Amazon brought back to earth with a bang
Over the weekend it was reported that Amazon had been subject to regulatory investigation by Luxembourg's data protection regulator, resulting in a substantial fine.
The size of the fine... a mere €746 million.
At the moment we have no detail as to what Amazon has done to incur the wrath of Luxembourg's data protection regulator, the fine having only come to light as a result of it being mentioned in Amazon's quarterly earnings report. However, it's safe to assume that for such a fine to have been levied Amazon must have flagrantly and repeatedly committed the most serious to breaches of GDPR, across multiple jurisdictions.
For those wondering, the reason why Luxembourg's data protection regulator is involved is because Amazon has its primary base in Luxembourg, for tax reasons, and article 60 of GDPR enables one regulator to take action on behalf of other data protection regulators in the EU where breaches cross numerous jurisdictions.
At the moment information is scarce because, under Luxembourg law, the data protection regulator is unable to publish any information regarding the investigation until such time as Amazon has either failed to appeal within the appeal timescales, or any appeal that it has made fails. What we can understand from this, though, is that regulators are not shy of taking on even the biggest companies, with Amazon the latest in a long line of huge multinational corporations being investigated and fined by data regulators.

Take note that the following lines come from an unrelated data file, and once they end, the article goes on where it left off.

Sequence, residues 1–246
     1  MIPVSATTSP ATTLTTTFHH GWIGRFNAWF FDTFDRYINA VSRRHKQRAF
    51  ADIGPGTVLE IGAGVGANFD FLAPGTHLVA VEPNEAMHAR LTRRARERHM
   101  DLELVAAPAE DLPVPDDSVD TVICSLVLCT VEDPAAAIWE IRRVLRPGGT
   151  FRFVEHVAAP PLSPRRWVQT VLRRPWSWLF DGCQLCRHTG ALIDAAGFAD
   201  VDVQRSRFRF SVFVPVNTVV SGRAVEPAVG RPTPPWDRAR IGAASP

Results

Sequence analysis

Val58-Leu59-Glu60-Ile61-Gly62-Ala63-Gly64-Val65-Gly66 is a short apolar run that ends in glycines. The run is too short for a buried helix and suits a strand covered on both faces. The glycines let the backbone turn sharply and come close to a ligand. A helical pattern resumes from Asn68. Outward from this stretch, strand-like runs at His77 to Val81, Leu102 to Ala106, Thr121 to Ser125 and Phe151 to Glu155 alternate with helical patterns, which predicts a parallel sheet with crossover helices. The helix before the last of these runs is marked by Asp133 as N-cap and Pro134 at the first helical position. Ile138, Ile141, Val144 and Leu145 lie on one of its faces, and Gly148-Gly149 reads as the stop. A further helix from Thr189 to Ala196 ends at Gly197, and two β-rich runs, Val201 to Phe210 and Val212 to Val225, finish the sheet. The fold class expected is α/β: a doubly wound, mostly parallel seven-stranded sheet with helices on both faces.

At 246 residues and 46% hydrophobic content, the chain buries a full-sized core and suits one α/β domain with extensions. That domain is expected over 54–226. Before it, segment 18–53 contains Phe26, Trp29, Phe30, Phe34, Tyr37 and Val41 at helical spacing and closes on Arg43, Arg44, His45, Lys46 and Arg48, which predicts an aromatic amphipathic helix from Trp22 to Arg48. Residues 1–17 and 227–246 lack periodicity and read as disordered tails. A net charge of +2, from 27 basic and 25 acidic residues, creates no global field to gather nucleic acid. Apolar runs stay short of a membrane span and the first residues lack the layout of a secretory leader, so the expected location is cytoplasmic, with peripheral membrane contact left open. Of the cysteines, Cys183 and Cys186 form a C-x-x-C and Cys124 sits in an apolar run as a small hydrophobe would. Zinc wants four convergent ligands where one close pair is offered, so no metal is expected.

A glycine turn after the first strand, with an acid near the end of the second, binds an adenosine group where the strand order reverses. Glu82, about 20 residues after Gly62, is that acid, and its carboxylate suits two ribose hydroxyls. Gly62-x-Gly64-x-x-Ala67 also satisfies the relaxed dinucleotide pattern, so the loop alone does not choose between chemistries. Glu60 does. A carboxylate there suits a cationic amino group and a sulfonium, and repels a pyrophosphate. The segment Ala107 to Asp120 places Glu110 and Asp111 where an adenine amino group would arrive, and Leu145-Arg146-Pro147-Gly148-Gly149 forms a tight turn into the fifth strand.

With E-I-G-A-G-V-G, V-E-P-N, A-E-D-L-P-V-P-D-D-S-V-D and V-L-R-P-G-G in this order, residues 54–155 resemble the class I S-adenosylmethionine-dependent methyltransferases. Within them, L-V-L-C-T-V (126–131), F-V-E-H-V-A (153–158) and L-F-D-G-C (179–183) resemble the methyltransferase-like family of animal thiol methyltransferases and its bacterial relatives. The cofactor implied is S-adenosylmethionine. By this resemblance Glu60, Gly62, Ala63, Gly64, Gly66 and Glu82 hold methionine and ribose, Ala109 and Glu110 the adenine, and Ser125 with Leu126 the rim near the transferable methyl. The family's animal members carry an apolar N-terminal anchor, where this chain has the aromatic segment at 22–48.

The most likely outcome is that Amazon will appeal and will successfully reduce the amount of the fine to something eye-watering, but significantly less eye-watering, than the one currently being reported. In any event, it serves as a warning for all companies that data protection, and compliance with data protection laws, is vitally important for all businesses.
These notes have been prepared for the purpose of articles only. They should not be regarded as a substitute for taking legal advice.